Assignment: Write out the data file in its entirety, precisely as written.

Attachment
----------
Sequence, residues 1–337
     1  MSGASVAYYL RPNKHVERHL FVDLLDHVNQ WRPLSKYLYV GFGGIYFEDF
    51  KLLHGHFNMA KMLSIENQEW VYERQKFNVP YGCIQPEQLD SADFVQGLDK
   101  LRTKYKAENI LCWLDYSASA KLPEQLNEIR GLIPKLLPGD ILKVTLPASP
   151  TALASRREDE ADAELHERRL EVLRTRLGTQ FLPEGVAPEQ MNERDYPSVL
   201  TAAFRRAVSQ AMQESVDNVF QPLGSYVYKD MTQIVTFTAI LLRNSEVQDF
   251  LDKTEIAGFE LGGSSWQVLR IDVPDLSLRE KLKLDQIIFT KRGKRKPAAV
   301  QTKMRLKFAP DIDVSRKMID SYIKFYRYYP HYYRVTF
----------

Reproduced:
Sequence, residues 1–337
     1  MSGASVAYYL RPNKHVERHL FVDLLDHVNQ WRPLSKYLYV GFGGIYFEDF
    51  KLLHGHFNMA KMLSIENQEW VYERQKFNVP YGCIQPEQLD SADFVQGLDK
   101  LRTKYKAENI LCWLDYSASA KLPEQLNEIR GLIPKLLPGD ILKVTLPASP
   151  TALASRREDE ADAELHERRL EVLRTRLGTQ FLPEGVAPEQ MNERDYPSVL
   201  TAAFRRAVSQ AMQESVDNVF QPLGSYVYKD MTQIVTFTAI LLRNSEVQDF
   251  LDKTEIAGFE LGGSSWQVLR IDVPDLSLRE KLKLDQIIFT KRGKRKPAAV
   301  QTKMRLKFAP DIDVSRKMID SYIKFYRYYP HYYRVTF